The week began with the shocking news about the demise of the comic maestro Robin Williams, and news about the rising death toll due to the Ebola virus in West Africa. While these news stories may come as tragic to us, for cyber-criminals, they came as fresh new ideas to trap victims. Let’s read about this and other IT security news in detail.
Beware of fake Ebola drugs online!
With the Ebola virus having claimed over 1000 lives in West Africa, fake drugs have started doing the rounds on the Internet. The U.S. Food and Drug Administration has warned consumers against fake supplements and other medicines that claim to treat or prevent the Ebola infection. The FDA has confirmed that at present they have not come up with any kind of product which is capable of preventing or treating the infection effectively. Readers are advised not to shell out their money on such fake products, and to stay updated about the latest news about Ebola only from official medical and news websites. Read more on this here.
More reasons to use Google Chrome now
If you have been worried about landing on an unsafe website without intending to do so, then you may appreciate what Google Chrome will provide you with. Google has announced about expanding the Safe Browsing feature of Chrome. This feature will not only start identifying unsafe websites but also software or programs that are designed to make unexpected changes to your browser and computer. Read more about this story here.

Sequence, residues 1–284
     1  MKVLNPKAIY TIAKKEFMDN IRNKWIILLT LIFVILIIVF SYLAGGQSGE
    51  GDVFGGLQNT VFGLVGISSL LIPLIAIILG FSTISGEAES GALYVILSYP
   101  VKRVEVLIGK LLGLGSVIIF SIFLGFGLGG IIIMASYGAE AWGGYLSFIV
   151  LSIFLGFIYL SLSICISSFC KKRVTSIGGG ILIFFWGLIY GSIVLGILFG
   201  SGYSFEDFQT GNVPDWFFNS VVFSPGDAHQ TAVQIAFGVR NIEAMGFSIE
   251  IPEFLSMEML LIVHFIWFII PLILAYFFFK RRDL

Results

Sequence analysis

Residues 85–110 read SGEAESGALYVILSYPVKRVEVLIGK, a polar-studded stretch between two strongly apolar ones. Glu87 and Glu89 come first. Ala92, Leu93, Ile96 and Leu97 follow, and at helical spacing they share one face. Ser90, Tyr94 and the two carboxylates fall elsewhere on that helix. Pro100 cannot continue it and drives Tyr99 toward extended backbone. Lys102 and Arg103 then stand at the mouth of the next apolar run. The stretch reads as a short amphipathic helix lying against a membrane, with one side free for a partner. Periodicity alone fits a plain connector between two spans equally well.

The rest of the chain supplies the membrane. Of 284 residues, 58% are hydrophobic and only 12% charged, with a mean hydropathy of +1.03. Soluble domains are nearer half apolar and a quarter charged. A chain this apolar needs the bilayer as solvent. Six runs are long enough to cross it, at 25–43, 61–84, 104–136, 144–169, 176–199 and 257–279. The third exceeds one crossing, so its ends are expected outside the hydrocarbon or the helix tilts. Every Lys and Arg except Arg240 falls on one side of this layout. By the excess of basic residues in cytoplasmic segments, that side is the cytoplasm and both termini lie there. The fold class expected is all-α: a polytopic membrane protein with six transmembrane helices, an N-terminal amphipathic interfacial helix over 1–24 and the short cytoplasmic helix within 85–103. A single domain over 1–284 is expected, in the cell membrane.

Beware of ‘Robin Williams’ Last Phone Call’ Facebook scam
While millions across the globe paid their homage to Robin Williams, scammers were brewing sick plans to use the actor’s tragic death to trap Facebook users. In yet another sickening attempt to pull in money, scammers have started posting ‘Robin Williams’ Last Phone Call Video’ on the Internet. The video claims to show Robin saying his last goodbye. If you click the video, you will be taken to a third party website where you will be asked to share the video with your friends before watching it. If you proceed any further, you will be asked to complete an online survey. Even if you complete the survey you won’t get to see the video because there isn’t any. By sharing the post and taking the survey you would only spread the scam and help criminals live their booty driven lives.
Hack your neighborhood’s Wi-Fi with your cat
A Siamese cat named Coco was out for a mouse hunt, armed with a high-tech collar that can map Wi-Fi networks in surrounding areas. Coco not only brought home a mouse for supper, but also the data of 4 routers having crackable WEP encryption and another 4 with no encryption at all. The collar was created by Gene Bransfield, a security researcher. In a DefCon talk, Bransfield expressed his intention to exhibit how easily cyber criminals can create their own Wi-Fi sniffing cats and wreak havoc on those who have still not outgrown their bad password habits. Read more of this story here.
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